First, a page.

Autologous transplants are still the means of choice for bypass surgery. In addition to good tolerability, there is a reduced thrombogenicity and fewer neointima hyperplasia compared to artificial materials. However, since viable transplants are limited, attempts are being made to improve existing artificial vascular prosthesis material. Next to the reduction of thrombogenicity, a rapid endothelialization of the vascular graft should reduce intimal hyperplasia and thus prevent stenoses. The effect of newly developed silicon oxide coatings on the growth of endothelial cells was therefore the goal of this work in a cell culture study.
A woven, uncoated polyethylene terephthalate (PET) vessel prosthesis was used. The coating process was carried out in a low-pressure plasma reactor in a multi-step process. After preparation of the vacuum chamber hexamethyldisiloxane (HDMSO) with oxygen was evaporated using argon plasma. By this an approx. 1 nm thin adhesion promoter layer was separated from plasma and HMDSO. The silicone oxide barrier layer was applied to the PET vessel samples. The carbon content of the layer could be selectively altered by changing the HMDSO oxygen flow ratio, resulting in coatings of 100 nm, 500 nm, and 1,000 nm. In addition, two different oxygen-to-HMDSO ratios were used. To achieve a carbon coating as low as possible, the ratio was set to 200:1. A carbon-rich layer was obtained with the 1:1 setting. The various coatings were then examined for their surface texture by scanning electron microscopy (SEM) as well as by cell culture experiments for cell viability and growth using EA.hy 926 cells.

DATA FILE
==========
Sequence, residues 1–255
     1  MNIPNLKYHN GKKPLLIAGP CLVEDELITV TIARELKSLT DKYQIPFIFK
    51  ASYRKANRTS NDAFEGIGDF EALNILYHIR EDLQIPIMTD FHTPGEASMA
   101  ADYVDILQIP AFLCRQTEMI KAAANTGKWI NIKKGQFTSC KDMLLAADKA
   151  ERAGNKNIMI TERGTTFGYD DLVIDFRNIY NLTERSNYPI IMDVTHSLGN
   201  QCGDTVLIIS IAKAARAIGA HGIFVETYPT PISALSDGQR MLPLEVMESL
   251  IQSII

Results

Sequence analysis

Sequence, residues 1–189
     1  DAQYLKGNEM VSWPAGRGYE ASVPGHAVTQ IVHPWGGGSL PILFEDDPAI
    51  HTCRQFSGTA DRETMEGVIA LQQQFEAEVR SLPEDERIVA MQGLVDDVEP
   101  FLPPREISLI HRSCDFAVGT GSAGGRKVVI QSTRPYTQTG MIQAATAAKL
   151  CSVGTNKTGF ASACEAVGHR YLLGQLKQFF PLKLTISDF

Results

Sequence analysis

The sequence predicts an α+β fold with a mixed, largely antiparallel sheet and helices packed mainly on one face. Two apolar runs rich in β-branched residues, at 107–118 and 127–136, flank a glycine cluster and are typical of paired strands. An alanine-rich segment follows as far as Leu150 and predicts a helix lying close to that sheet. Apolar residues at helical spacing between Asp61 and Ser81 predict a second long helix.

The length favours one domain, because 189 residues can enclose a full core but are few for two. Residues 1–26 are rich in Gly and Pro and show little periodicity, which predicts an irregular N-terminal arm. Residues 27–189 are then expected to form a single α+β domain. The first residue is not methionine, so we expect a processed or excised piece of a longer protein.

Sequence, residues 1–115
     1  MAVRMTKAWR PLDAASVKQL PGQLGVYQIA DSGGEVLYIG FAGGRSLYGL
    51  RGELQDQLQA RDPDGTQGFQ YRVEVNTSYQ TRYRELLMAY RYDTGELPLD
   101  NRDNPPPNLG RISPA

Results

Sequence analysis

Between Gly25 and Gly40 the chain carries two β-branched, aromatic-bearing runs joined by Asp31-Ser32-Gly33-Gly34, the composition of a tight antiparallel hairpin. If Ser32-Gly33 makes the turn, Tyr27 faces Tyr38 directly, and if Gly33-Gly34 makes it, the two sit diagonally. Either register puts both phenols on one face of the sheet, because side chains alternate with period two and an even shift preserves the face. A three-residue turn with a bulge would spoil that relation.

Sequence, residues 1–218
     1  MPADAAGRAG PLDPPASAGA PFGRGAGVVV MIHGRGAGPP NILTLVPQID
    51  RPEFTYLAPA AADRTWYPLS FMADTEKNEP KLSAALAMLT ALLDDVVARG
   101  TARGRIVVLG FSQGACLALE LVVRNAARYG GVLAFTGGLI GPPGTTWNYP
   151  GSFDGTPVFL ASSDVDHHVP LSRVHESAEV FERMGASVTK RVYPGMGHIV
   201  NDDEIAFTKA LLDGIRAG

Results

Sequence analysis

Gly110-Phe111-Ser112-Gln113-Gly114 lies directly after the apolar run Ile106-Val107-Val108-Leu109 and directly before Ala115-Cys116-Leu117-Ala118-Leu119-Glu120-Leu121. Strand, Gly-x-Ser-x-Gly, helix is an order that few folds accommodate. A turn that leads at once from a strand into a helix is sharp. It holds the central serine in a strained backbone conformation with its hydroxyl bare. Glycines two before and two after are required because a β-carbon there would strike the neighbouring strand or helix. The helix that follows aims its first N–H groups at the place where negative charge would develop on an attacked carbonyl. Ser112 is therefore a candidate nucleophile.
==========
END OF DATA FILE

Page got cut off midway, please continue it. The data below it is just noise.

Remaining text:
SEM showed no changes in the surface morphology; however a layer thickness of 1,000 nm showed peeled off coating areas. Alamar blue assays showed a significantly higher metabolic activity (p=0.026) for the coating 500 nm, ratio 200:1 compared to untreated control samples and a significantly lower metabolic activity (p=0.037) of the coating 500 nm, ratio 1:1 compared to the coating 500 nm, ratio 200:1. This underlines the apparent tendency of the 1:1 coating to inhibit the metabolic activity of the cells, while the 200:1 coating increases the activity. Fluorescence microscopy after calcein acetoxymethyl ester (AM) staining showed no significant difference between the different coatings and the uncoated PET material. However, a tendency of the increased surface growth on the coating 500 nm, ratio 200:1, is shown. The coatings with the ratio 1:1 tend to be less densely covered.
The results of this work indicate a great potential in the silicon coating of vascular prosthesis material. The plasma coating can be carried out easy and gently. Cell culture experiments demonstrated a tendency towards better growth of the cells on the 200:1 ratio coating and a poorer growth on the carbon-rich coating 1:1 compared to the uncoated material. The coating with silicon oxide with a thickness of 500 nm and an oxygen-HMDSO ratio of 200:1, a particularly low-carbon layer, appears to be a coating, which should therefore be further investigated for its effects on thrombogenicity and intimal hyperplasia.